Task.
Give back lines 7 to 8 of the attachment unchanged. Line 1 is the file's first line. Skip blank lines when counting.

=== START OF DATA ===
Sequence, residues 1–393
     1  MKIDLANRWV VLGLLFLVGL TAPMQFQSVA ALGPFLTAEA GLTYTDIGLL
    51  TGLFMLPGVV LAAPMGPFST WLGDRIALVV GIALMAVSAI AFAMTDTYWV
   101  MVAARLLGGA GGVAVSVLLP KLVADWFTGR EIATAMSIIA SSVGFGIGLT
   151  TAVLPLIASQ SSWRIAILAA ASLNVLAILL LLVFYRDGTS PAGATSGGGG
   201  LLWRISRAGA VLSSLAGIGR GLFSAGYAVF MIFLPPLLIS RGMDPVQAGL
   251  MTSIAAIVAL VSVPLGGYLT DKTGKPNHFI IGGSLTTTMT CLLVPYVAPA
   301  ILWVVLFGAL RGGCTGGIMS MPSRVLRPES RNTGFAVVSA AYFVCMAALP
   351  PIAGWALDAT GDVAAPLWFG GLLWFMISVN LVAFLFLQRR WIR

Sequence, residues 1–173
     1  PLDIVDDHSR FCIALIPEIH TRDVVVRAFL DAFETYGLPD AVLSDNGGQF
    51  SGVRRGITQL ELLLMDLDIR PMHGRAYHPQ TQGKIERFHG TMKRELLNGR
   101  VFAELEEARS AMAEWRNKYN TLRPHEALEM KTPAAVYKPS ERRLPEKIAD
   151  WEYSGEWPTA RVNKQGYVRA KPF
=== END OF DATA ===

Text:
   251  MTSIAAIVAL VSVPLGGYLT DKTGKPNHFI IGGSLTTTMT CLLVPYVAPA
   301  ILWVVLFGAL RGGCTGGIMS MPSRVLRPES RNTGFAVVSA AYFVCMAALP